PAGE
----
Computer science isn’t just about writing programs. Students need to learn concepts such as computational thinking, algorithms and efficiency.
Here we have provided a short unplugged activity where students will use features and yes/no questions to build a decision tree. Students are encouraged to focus on efficiency and build a tree with the shortest number of steps. The activity is based on classifying the planets, so is suitable for a computer science or a science class.
There are a couple of extension options at the end for students who move through this more quickly or for those that need a challenge.
This activity is best done in groups, so students can discuss which questions and what order make for the most efficient process. Working in a group encourages them to articulate their thoughts and listen to others’ views, rather than just using trial and error.
Students will write an algorithm for classifying different planets. We are going to start small, with just 4 planets.
1. The 4 planets we are going to look at are: Earth, Mercury, Jupiter, Neptune. Make a table with the planets down the side and the following features across the top: rocky, gaseous, has moons, blue, brown/red, has liquid water.
2. Write yes/no in each cell. You may need to do some research to get all the answers.
3. Turn this table into a decision tree, using the top row of the table as yes/no questions. For example, ‘Is the planet rocky?’, ‘Does the planet have any moons?’. You should be able to follow a path, answering the questions as you go and end up at a single planet. Try to keep the number of steps as small as possible. You may not need to use every question! We have provided an example below, using different questions (this one is about food!).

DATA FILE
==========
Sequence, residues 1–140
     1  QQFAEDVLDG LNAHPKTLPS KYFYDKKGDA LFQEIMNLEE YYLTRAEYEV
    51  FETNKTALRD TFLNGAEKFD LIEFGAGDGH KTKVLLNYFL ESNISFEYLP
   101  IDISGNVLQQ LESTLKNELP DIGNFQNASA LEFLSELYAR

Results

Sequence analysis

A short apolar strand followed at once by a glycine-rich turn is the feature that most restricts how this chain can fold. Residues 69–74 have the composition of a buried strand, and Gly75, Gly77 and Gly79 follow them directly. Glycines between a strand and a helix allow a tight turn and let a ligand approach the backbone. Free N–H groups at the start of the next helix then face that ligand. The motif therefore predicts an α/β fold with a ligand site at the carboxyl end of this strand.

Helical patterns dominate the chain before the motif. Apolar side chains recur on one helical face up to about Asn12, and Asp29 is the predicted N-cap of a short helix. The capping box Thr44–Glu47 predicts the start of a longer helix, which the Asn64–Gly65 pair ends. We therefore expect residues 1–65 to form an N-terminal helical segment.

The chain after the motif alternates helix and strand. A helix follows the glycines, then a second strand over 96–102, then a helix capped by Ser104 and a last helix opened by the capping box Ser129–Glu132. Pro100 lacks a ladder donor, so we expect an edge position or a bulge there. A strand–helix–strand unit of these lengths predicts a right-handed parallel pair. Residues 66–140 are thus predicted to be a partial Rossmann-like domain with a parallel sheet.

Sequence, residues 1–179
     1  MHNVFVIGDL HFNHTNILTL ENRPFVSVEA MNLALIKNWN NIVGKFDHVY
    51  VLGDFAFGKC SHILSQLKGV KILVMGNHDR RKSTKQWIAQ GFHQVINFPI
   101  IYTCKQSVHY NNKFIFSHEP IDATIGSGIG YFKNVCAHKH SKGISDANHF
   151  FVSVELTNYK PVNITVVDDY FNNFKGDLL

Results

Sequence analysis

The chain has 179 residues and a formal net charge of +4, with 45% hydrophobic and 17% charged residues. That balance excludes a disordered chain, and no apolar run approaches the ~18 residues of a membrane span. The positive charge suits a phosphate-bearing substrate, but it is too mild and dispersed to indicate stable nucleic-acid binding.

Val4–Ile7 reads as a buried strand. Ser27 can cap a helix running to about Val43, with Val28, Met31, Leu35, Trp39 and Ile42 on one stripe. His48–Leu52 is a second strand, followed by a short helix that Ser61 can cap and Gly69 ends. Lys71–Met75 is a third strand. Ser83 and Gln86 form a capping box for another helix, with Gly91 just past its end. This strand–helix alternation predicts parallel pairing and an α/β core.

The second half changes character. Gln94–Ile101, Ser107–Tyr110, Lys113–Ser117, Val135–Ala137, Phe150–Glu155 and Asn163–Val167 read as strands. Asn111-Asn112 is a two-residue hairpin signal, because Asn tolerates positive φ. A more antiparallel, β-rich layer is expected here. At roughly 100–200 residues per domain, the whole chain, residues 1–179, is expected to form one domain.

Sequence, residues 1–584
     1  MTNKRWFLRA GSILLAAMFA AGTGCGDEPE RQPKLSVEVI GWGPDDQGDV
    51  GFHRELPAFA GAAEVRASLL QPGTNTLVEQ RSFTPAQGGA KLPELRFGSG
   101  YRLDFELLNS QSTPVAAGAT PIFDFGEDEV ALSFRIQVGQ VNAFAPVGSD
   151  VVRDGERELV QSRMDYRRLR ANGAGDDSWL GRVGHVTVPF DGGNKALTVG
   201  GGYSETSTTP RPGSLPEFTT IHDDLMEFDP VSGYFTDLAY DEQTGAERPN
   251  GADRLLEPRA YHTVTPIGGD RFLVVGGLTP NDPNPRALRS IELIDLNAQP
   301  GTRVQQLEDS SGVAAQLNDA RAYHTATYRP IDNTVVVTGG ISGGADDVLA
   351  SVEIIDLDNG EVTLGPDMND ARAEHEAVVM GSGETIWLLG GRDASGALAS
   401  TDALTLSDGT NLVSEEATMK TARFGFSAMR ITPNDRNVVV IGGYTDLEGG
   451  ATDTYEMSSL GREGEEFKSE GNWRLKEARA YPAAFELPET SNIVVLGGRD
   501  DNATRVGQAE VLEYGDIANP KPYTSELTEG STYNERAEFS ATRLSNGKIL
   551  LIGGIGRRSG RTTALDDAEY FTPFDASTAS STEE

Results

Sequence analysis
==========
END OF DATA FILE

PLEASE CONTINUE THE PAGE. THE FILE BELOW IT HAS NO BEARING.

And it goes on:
Extension 1: Can you add in the other 4 planets? You will need to come up with some extra questions to include in your decision tree. You will need to do some research to find some similarities and differences between the planets. Some suggestions to look at temperature, atmosphere, direction of rotation and size.
Extension 2: Can you turn this into a computer program? You will need to use
if/elif/else statements. You might like to work your way through the Australian Computing Academy DT 7 Python + Biology course (free for all verified teachers and Aussie students in years 3–8, accessible with an all-access subscription for everyone else) to get some tips on how to start.
The above is just one example of how you can run this particular type of activity. The topic doesn’t have to be planets, it can be anything! You could even get the students to pick the topic themselves. There is a lot of scope for turning this into a longer form research project.
Did you do this activity with your class? Do you have a different activity you like to run? We want to hear! Comment below or tweet us (Grok Learning) and let us know.